Migration: Legacy application and trigger happy

Many of my major projects of my career have been in application migration involving rewrite using a new technology. I can think of only one instance where it was a big bang approach, where we built a new system and in one go replaced the other system. It wasn’t as simple as it sounded, but we could justify this approach and it worked well.
However every other time, we have built the new system invariably adding new features while keeping the old system running and accessible.
There have been many different approaches to this strategy. While in some cases, we would force the users to switch to the new application when available while disabling features from the old. Other times we would keep the old app running in parallel while making continuous releases on the new application. We have even had to maintain and service the old application to keep the business happy and sometimes to make the application gel with the new features being introduced in the newer application, especially when database changes were involed.

I’ll go through one such case where we had to rewrite a critical application while keeping access to the old system. We discovered that a lot of business functionality was kept in database triggers. There were many apps and I guess at that point someone decided to use triggers since they then needn’t touch any of the apps to add new features. You can read my take on business in database here.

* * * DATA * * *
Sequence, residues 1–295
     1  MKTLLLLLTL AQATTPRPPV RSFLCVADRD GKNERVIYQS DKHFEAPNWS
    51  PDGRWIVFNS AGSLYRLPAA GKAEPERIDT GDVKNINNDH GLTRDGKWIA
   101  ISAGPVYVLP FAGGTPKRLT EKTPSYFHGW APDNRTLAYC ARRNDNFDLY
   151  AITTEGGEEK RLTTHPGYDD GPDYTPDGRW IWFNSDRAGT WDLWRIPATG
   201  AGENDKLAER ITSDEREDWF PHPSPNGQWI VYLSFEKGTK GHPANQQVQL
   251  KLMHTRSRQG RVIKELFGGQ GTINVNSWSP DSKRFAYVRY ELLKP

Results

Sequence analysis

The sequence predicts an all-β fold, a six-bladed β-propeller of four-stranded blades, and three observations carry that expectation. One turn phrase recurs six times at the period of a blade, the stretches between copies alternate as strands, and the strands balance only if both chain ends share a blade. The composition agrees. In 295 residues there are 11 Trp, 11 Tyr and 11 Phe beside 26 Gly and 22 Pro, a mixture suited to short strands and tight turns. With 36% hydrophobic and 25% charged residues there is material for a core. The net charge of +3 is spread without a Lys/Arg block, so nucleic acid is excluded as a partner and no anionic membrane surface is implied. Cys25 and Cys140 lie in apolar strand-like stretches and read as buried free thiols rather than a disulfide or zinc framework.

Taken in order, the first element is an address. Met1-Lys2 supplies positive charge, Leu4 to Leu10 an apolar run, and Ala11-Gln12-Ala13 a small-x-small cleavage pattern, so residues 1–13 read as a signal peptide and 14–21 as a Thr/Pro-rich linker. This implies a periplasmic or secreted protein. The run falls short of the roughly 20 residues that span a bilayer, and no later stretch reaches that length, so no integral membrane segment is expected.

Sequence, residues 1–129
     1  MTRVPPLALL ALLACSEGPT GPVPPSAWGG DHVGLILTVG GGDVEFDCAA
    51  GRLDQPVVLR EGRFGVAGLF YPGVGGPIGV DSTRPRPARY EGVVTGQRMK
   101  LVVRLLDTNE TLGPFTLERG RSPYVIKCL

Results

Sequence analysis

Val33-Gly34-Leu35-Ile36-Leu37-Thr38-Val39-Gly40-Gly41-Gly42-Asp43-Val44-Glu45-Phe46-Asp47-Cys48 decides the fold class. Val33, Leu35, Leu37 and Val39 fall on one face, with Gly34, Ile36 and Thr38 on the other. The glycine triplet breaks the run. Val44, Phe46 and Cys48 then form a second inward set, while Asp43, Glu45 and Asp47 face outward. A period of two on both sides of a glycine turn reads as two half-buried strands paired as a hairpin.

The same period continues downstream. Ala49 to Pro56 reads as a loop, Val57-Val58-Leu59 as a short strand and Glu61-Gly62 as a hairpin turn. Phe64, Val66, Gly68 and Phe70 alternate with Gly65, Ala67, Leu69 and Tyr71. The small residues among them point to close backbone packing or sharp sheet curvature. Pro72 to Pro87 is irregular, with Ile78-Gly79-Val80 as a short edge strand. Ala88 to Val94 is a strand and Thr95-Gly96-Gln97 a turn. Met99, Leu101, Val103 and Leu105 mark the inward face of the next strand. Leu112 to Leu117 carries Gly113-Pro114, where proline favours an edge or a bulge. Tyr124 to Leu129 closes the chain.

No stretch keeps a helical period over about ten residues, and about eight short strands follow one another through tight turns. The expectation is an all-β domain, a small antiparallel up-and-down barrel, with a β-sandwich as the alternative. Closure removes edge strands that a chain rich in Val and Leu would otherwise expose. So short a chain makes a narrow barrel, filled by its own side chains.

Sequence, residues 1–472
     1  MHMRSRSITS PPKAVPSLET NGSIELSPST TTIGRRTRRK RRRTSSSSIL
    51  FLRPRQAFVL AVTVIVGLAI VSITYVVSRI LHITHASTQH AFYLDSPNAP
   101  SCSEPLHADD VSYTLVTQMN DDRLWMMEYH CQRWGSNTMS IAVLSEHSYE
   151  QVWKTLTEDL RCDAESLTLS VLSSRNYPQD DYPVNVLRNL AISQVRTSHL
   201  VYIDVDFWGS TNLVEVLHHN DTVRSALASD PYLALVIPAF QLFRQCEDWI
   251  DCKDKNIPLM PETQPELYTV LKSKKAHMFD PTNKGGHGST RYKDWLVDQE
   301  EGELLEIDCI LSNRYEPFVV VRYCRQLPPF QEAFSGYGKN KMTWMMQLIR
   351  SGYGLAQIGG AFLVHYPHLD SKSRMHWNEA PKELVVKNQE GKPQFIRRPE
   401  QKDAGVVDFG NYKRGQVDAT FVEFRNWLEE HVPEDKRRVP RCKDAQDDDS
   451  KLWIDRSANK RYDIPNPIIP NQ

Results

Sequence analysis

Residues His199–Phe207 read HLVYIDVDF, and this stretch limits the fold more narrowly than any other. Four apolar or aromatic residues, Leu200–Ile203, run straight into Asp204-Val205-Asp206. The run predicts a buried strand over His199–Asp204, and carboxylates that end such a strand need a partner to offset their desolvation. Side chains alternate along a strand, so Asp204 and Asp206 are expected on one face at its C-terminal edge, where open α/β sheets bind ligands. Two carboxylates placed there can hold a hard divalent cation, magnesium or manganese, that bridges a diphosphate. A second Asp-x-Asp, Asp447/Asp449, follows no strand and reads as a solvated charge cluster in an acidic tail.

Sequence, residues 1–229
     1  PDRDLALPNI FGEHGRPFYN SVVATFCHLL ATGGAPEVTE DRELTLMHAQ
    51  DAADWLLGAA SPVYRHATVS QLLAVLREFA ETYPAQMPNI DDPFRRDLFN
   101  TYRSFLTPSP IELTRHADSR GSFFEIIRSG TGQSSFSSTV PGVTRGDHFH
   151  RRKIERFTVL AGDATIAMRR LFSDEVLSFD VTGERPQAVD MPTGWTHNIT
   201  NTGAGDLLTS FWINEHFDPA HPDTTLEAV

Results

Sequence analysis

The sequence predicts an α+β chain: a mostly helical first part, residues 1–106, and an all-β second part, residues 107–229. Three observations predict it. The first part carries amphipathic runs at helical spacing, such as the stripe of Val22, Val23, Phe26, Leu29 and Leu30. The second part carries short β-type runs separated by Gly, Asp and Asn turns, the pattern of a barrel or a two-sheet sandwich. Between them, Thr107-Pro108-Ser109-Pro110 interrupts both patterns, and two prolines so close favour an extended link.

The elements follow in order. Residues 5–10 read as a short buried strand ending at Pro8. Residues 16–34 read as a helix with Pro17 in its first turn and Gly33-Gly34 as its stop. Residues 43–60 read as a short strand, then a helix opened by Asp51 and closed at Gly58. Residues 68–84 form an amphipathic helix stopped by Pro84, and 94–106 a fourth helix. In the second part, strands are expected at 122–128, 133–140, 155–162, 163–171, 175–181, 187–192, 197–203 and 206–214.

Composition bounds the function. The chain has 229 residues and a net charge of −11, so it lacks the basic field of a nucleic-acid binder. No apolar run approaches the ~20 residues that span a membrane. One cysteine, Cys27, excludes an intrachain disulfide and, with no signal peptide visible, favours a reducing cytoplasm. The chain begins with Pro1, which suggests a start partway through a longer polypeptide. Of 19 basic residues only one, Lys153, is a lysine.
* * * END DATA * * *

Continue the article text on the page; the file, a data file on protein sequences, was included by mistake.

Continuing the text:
We had decided to use DDD approach and this meant consolidating all those business rules in the trigger in their respective domains. The database being a common layer for both the applications, called for some strategy here.

The triggers couldn’t simply be disabled nor could we have them trigger when the new applications interacted with those underlying tables.

We need to restrict those triggers to only the old applications. The triggers will fire, no stopping that. But, we’ll stop the triggers body from continuing execution of the SQL. There are couple of ways of doing this.

  1. Using App Name

    This is the least impact way of determining if the trigger needs to continue execution or return. Providing an app name in the connection string ;app=YourApplicationName, would make it available in your SQL session. I also make it a practice to include this as it helps in profiling your database more easily. In your SQL (Trigger) you can now check

    if (APP_NAME() = 'YourApplicationName') RETURN;
  2. Using a column to track the transaction source

    Depending on your situation, this might be intrusive or acceptable. If this is a new column, you might want it to have a default value so that older applications can use that. You should set a specific value from your new applications for each transaction it does with these specific tables. Check for these values in the trigger and exit from executions. Of course the trigger would execute completely for transactions from your older applications. With this column you can also gain some insight in to who is transacting with which app. Be sure to check correctly in inserted or deleted special table depending on the operation that activates the trigger.

In both the above methods, there would be no change in the legacy applications.

BTW, many of the triggers were good candidates for domain events.

I have used both approaches and they have worked well for me. If there are other ways of doing this, let me know in your comments.